And in that forgetting, we forget some of the most important things about honouring our gods. I do not serve ‘all the gods’. I serve my gods – the ones who I believe reached out to me. Not for any reason of socially constructed Romantic concepts of ancestry, or ‘cultural purity’ (*vomit*). I serve those particular gods because (I believe that) I chose them and they chose me. No other gods have called me but they. There is no grand command sent down from on high that I need to honour a Power that I don’t relate to, in a way that I can’t understand. If I wanted to, I could – it would probably involve me going through something akin to a conversion process, since the way (for example) a Hellenic polytheist thinks about their gods is not the way I think about my gods. But I don’t have to.

And that means no one gets to impose their way of thinking about the gods onto me.

In fact, I have sacred taboos against honouring entire pantheons of gods. And that, at least in part, is because of what I would have to do to honour them. Things which could violate some of my most sacred virtues and vows – like hospitality, honouring the earth, or my own concepts of justice.

Throwing Off What I Don’t Need

I am already pure enough, just by being part of the earth. I don’t believe I have to cleanse myself of human or earthly things.

But there are things I need to do, if I want to become more fully human.

I need to throw off anything I do not need, anything that does not serve me, or that does not serve the gods. That is how I can move in better harmony with the pathways of the Xartus, the great tree of life. I need to seek justice, not injustice. I need to offer hospitality, probably my highest form of spiritual and community practice, which I fail at all the time, but which I can only hope to get better at.

I also need to do some things that are useful to me, based on my own experience. For me, protection and connection are important. Being around my gods every day, if only briefly, and making offerings to them regularly. Having a hearth shrine where I light a fire (a tiny candle-shaped one in my case!) that is the centre of my home. My Brighid’s cross above the entrance to my home. The ritual of hospitality (there it is again) that I need to try to offer to those who come through my doors. Other rituals that I do as the year turns. The prayers I say daily that build up a connection between me and the Sacred Three. The fires I burn at key times (and sometimes burning certain things, like juniper). And, most important of all, without which none of these things would matter: seeking justice in all things, in all my actions, in all my work, in all my interactions with my community. These are all small things, and probably look very insignificant to a lot of people. But they are important for me, for connection and for protection.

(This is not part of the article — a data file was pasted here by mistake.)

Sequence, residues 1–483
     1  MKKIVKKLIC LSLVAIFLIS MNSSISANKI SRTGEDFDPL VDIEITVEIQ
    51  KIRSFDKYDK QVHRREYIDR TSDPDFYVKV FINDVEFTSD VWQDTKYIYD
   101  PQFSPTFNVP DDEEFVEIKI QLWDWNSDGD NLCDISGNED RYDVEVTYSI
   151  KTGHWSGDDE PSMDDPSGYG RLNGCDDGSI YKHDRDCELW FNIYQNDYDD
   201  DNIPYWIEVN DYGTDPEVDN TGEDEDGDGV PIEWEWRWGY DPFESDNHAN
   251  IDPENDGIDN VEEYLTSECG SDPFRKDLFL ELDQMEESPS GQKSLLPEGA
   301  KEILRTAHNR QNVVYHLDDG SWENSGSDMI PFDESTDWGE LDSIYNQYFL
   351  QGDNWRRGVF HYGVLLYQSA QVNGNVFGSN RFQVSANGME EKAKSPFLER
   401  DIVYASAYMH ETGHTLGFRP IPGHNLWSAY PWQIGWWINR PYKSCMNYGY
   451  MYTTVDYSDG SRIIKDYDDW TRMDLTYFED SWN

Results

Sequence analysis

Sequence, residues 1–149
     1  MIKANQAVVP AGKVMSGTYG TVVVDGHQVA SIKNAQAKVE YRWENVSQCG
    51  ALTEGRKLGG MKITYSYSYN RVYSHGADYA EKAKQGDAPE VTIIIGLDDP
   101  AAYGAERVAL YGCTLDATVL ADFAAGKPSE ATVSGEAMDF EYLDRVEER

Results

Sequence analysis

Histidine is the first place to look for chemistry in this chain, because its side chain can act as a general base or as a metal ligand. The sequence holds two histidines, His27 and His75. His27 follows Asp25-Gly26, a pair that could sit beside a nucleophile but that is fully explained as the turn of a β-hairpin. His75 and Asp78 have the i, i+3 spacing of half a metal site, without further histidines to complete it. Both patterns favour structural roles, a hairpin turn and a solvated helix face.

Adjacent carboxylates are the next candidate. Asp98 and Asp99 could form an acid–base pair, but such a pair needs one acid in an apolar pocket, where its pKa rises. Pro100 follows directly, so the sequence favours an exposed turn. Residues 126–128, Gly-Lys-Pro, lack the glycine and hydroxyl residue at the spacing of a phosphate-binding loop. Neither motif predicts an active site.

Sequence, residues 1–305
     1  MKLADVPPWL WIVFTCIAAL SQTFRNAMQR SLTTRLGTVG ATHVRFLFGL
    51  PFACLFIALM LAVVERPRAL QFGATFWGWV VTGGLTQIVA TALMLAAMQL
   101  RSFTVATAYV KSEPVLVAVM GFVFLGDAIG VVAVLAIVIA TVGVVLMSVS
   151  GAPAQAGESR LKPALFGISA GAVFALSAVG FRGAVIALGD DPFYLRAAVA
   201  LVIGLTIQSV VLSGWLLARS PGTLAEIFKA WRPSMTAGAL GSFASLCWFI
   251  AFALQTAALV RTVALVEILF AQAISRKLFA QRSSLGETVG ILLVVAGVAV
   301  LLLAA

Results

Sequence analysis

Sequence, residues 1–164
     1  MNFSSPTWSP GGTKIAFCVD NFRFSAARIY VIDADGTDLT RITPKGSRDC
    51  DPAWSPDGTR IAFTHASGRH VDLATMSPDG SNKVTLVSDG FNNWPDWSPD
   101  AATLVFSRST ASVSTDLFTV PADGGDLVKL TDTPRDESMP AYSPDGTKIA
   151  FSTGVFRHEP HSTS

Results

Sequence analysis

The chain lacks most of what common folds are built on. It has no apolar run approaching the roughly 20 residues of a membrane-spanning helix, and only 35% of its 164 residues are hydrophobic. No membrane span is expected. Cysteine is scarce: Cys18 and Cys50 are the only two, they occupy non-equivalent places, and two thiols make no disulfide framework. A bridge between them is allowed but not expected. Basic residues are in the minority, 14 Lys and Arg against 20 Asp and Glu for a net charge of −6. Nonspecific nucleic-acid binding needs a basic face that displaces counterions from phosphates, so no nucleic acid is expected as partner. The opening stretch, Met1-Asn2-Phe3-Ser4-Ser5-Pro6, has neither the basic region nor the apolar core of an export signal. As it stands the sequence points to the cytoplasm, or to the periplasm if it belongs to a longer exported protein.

And all of these are about reminding me that I am human, and connected, and embodied. That I am living on and with the earth, and that I only exist as part of my community. They’re not about forgetting my humanity.

If I need to lose anything, I need to lose the things that are un-human about me. My tendency to get really selfish, to forget about hospitality and the importance of community. My ability to get wrapped up in myself and what I need, and ignoring what others need. My ability to ignore what I already know about who needs justice and how I can act more justly, and (worst of all) to pretend I’m a warrior for justice when I can be a terrible coward who avoids the hard work it requires.